Architect; Director of the Centre for Research Architecture; Professor of Visual Cultures, Goldsmiths, University of London
Eyal Weizman is an architect, Professor of Visual Cultures and director of the Centre for Research Architecture at Goldsmiths, University of London. He also directs the European Research Council funded project, Forensic Architecture - on the place of architecture in international humanitarian law. On cases ranging from drone strikes to genocide, Forensic Architecture interrogates the physical ruins and debris left behind and creates detailed, architectural reconstructions in an attempt to establish an order of events.
BREAKING THE WALL OF HUMAN RIGHTS VIOLATION. How Forensic Architecture Reveals War’s Secrets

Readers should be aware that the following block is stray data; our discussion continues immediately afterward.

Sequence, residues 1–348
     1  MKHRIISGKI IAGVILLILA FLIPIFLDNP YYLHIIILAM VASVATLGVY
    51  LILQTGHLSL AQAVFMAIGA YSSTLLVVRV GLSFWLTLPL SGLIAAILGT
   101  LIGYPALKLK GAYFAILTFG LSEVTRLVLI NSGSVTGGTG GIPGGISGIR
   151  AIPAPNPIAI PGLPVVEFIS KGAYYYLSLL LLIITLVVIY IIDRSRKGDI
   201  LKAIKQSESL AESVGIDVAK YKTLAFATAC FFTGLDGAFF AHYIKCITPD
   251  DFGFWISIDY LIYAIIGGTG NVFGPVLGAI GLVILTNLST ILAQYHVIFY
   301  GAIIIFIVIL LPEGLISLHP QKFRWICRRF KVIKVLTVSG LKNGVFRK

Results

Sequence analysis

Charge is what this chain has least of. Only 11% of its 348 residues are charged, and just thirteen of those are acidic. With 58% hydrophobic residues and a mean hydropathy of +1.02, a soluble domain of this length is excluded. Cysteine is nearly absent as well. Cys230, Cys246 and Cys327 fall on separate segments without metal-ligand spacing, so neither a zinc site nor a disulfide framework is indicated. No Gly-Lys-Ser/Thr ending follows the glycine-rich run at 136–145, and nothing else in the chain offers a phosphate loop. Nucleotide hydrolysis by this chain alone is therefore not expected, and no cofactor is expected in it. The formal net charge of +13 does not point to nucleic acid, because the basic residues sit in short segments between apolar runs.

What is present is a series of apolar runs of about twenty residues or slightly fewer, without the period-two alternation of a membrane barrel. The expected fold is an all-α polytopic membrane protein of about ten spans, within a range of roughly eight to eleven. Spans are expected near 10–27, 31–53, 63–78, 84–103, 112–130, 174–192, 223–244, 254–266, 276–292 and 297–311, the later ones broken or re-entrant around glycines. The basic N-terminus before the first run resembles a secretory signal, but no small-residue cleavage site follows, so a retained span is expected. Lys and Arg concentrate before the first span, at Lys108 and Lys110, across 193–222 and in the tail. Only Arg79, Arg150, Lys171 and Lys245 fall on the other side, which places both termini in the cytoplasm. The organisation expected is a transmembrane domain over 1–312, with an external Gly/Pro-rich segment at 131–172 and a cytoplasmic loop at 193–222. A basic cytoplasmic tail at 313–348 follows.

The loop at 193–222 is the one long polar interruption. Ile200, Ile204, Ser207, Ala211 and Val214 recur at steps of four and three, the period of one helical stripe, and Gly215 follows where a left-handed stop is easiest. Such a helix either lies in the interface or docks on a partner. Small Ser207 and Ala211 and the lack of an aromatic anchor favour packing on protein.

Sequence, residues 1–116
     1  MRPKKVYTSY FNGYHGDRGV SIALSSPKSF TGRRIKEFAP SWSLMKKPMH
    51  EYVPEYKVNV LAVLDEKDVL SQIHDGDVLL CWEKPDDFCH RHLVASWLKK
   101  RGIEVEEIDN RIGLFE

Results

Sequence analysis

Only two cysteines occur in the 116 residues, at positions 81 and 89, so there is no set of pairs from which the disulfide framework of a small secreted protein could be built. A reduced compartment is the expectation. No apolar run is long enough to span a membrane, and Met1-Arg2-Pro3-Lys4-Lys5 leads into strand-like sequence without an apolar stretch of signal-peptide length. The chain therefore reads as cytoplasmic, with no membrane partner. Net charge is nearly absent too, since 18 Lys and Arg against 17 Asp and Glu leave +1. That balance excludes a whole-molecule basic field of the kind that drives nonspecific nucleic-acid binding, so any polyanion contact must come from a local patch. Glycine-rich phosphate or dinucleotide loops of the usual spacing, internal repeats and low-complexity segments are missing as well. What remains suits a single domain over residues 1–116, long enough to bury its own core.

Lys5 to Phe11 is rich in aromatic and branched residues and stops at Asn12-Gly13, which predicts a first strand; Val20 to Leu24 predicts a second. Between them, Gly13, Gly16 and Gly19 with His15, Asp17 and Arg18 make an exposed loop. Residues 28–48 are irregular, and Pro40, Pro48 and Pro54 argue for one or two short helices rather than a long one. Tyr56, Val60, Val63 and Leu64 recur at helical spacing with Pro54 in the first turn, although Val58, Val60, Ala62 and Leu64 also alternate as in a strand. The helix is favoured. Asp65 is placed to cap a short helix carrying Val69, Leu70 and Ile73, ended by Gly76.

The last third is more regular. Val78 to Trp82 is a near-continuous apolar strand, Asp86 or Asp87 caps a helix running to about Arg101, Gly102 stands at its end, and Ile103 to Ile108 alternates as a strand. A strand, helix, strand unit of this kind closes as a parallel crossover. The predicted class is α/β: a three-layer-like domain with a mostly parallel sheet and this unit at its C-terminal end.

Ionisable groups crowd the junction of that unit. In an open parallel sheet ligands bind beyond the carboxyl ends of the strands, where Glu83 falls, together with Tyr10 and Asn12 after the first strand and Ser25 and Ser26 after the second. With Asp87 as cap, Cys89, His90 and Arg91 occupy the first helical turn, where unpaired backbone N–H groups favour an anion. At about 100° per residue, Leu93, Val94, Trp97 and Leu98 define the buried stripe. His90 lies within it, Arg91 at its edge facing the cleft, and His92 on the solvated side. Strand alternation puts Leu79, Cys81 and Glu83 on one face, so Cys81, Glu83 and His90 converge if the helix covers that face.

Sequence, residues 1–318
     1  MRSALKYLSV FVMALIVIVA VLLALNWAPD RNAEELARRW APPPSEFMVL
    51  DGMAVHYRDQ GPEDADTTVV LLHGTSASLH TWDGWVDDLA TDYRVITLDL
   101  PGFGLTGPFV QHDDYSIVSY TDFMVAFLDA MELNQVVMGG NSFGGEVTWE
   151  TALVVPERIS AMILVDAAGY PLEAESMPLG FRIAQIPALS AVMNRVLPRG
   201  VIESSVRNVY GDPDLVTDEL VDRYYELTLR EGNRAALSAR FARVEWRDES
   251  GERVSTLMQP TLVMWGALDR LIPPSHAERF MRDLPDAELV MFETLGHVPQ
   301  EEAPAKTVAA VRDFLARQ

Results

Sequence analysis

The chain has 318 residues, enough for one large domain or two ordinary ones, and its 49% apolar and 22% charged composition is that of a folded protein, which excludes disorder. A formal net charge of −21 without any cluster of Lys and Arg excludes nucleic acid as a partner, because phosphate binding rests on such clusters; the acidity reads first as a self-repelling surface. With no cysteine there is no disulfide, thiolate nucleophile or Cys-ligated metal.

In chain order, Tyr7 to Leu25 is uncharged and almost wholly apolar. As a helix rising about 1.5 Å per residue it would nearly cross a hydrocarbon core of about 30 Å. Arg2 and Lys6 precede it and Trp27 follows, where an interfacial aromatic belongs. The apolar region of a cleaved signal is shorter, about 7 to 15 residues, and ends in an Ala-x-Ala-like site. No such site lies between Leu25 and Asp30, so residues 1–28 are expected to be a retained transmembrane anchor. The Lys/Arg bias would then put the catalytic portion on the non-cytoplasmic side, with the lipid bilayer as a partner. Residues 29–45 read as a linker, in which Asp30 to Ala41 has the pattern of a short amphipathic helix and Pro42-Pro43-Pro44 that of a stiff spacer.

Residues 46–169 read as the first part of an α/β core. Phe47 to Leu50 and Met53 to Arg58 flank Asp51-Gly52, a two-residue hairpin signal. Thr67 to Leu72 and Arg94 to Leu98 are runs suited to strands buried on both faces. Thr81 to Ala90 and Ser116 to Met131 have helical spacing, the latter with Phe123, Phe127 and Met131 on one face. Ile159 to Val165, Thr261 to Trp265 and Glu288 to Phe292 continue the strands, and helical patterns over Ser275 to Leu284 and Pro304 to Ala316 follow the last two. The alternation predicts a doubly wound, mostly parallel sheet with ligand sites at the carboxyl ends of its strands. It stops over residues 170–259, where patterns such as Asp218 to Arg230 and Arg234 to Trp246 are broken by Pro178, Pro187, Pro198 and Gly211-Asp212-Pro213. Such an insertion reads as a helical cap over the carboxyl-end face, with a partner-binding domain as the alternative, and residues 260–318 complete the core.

Recent military conflicts such as the ongoing civil war in Syria have increasingly moved from the battlefield to urban spaces, rendering citizens as well as civilian structures in densely populated areas highly vulnerable to attacks and catastrophic violence. In many cases, urban conflict areas are sealed off and inaccessible for investigators. In other cases, architecture becomes a resource to reconstruct the realities of political violence, a phenomenon observed in separating walls, military barriers and torture prisons. In order to shed light on crimes that otherwise go unobserved, the Israeli architect Eyal Weizman has developed the interdisciplinary research field of “forensic architecture” at Goldsmiths, University of London, where he is the Professor of Visual Cultures and the Director of the Centre of Research Architecture. After carefully reconstructing war-torn spaces with the aid of survivors’ testimonies, satellite images, smartphone recordings and other sources of data, scenes of atrocities can be analysed and investigated in order to hold perpetrators accountable. The evidence produced by his team is being used by international prosecution teams, NGOs and the United Nations in various processes worldwide. At Falling Walls, Eyal demonstrates how an interdisciplinary combination of architecture, art, theory and law can contribute to preventing civilian casualties and holding national authorities to account.